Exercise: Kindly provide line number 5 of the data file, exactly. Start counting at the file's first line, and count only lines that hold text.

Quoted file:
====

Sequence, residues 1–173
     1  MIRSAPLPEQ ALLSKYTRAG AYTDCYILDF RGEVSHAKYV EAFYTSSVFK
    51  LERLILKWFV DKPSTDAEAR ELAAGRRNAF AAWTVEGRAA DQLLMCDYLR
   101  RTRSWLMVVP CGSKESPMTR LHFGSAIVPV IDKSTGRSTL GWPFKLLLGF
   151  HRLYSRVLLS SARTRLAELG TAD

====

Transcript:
   151  HRLYSRVLLS SARTRLAELG TAD